In 1715 the North Carolina Colonial Assembly passed an act to settle pilots at Ocracoke Inlet. The pilots' task was to guide ships through Ocracoke Inlet and across the bar in order to bring vessels safely into Pamlico Sound. Islanders who knew the waters well were granted licenses or certificates of competency, known as branches. These individuals (there was at least one woman) were known as Branch Pilots.
There was fierce competition among the pilots to be the first to reach a sailing vessel (and thus to receive payment for their services). Pilots operated in pairs. One would climb high up in a tree looking for a sail on the horizon. The other had the pilot boat ready to launch.
A depiction of the small settlement on Shell Castle Island (between Ocracoke and Portsmouth) includes an unusual object, a tall pole with steps carved in it, and a ring at the top. This was used by pilot lookouts since there were no trees on Shell Castle.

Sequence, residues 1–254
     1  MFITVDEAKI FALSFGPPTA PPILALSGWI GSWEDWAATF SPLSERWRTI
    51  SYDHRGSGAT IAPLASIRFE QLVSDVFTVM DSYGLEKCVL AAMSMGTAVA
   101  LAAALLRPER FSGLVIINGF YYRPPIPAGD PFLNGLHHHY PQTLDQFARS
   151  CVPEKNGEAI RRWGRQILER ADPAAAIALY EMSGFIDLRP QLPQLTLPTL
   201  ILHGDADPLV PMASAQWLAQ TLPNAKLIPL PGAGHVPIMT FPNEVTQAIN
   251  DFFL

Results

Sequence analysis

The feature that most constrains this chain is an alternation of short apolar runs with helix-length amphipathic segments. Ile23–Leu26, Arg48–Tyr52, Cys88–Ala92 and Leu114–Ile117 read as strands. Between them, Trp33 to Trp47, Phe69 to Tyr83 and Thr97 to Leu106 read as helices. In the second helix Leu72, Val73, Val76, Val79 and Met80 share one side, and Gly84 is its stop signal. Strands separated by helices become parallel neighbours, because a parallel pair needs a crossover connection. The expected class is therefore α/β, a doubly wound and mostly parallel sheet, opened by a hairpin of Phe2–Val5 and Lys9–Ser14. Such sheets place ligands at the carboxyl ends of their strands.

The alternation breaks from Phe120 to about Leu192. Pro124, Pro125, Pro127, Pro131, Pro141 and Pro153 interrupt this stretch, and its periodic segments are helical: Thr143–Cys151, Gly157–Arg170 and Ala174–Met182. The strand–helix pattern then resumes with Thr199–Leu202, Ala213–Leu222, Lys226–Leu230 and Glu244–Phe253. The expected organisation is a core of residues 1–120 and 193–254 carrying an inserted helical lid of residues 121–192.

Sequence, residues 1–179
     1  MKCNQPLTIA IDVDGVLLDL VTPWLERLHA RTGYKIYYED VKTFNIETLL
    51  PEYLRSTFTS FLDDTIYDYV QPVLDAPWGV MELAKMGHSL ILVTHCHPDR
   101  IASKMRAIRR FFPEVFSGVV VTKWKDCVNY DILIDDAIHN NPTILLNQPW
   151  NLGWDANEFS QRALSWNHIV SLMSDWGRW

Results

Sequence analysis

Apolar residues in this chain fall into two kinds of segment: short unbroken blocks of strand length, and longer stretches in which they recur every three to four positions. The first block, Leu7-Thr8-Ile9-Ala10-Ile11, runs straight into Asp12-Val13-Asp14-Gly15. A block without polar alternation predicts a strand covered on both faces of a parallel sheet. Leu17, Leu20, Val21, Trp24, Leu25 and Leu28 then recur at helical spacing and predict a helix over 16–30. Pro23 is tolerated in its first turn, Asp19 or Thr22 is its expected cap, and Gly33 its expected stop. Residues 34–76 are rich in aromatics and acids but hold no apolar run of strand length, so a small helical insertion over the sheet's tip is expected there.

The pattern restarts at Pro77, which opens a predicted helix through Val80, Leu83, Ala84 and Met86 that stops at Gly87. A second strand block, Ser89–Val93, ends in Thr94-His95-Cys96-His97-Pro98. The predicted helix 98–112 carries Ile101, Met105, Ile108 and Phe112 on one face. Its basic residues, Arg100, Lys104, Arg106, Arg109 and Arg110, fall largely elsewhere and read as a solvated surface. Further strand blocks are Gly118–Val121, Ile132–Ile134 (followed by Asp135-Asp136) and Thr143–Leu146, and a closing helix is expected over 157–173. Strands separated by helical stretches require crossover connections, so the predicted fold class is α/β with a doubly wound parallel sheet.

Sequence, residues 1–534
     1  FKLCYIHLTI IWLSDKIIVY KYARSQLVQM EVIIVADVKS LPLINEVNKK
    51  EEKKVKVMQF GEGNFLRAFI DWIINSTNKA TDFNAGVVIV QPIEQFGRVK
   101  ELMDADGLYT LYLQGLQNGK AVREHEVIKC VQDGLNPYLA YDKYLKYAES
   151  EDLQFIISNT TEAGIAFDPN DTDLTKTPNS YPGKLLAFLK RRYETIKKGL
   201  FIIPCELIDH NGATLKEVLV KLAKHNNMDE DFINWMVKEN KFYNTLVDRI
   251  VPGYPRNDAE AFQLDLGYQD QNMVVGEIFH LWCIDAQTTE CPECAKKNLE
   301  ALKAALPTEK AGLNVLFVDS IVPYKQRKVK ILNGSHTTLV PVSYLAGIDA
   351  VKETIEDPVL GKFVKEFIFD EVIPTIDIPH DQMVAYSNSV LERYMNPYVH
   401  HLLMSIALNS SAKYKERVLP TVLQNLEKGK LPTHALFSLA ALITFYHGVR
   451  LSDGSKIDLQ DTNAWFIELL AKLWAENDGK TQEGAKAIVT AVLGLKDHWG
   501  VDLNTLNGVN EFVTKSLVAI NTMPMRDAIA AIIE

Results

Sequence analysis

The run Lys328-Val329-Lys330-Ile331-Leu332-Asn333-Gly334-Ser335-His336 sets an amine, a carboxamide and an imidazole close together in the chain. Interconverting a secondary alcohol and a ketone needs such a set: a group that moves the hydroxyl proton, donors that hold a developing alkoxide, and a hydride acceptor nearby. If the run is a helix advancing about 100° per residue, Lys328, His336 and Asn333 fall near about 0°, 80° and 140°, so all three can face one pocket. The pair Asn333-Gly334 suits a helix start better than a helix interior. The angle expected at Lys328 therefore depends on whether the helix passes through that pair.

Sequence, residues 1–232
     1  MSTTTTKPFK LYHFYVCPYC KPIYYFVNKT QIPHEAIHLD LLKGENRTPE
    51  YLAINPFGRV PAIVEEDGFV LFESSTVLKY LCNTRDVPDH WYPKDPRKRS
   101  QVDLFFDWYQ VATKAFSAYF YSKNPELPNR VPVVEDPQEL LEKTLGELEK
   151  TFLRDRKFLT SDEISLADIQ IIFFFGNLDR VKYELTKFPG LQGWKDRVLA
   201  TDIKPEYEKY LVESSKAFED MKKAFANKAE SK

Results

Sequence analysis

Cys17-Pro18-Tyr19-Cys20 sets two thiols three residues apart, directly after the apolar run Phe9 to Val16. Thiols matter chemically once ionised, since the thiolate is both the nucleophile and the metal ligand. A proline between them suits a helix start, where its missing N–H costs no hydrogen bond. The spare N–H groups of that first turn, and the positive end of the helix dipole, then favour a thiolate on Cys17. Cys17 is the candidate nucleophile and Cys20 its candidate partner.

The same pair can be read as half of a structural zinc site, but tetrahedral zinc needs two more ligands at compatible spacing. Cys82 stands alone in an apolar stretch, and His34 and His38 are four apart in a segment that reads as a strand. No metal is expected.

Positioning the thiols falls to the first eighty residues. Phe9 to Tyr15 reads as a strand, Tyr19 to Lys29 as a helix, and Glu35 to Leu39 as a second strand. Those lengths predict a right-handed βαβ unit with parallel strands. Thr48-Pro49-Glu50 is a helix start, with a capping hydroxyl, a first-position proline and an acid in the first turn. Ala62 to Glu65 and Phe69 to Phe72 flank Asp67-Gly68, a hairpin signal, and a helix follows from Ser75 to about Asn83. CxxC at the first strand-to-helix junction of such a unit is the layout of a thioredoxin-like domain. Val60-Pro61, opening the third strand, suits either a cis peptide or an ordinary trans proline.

Once the ship was reached, and the islander's services secured, the vessel was piloted through the inlet and over the bar. After the ship entered the deeper water of Pamlico Sound the pilot was picked up by his companion in the pilot boat.
Our latest Ocracoke Newsletter is Ellen Marie Cloud's first person
account of the "Great Ocracoke Lighthouse Windows Heist." You can read
it here: http://www.villagecraftsmen.com/news012117.htm.